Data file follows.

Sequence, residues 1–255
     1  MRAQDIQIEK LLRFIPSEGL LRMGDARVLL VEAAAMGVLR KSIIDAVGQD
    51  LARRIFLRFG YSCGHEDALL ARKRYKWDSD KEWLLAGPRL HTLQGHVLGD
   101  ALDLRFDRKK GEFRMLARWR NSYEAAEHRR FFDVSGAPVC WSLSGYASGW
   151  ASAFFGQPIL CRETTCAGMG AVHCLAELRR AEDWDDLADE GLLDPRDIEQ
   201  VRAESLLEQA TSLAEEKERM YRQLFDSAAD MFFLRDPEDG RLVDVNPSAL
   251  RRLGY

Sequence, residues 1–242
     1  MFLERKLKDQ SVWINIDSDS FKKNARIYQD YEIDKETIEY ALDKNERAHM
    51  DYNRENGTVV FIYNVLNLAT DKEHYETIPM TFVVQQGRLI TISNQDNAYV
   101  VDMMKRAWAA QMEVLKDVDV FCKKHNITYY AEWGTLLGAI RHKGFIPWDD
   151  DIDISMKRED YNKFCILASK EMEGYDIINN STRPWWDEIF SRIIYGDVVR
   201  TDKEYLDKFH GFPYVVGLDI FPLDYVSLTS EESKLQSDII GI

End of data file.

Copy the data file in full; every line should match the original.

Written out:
Sequence, residues 1–255
     1  MRAQDIQIEK LLRFIPSEGL LRMGDARVLL VEAAAMGVLR KSIIDAVGQD
    51  LARRIFLRFG YSCGHEDALL ARKRYKWDSD KEWLLAGPRL HTLQGHVLGD
   101  ALDLRFDRKK GEFRMLARWR NSYEAAEHRR FFDVSGAPVC WSLSGYASGW
   151  ASAFFGQPIL CRETTCAGMG AVHCLAELRR AEDWDDLADE GLLDPRDIEQ
   201  VRAESLLEQA TSLAEEKERM YRQLFDSAAD MFFLRDPEDG RLVDVNPSAL
   251  RRLGY

Sequence, residues 1–242
     1  MFLERKLKDQ SVWINIDSDS FKKNARIYQD YEIDKETIEY ALDKNERAHM
    51  DYNRENGTVV FIYNVLNLAT DKEHYETIPM TFVVQQGRLI TISNQDNAYV
   101  VDMMKRAWAA QMEVLKDVDV FCKKHNITYY AEWGTLLGAI RHKGFIPWDD
   151  DIDISMKRED YNKFCILASK EMEGYDIINN STRPWWDEIF SRIIYGDVVR
   201  TDKEYLDKFH GFPYVVGLDI FPLDYVSLTS EESKLQSDII GI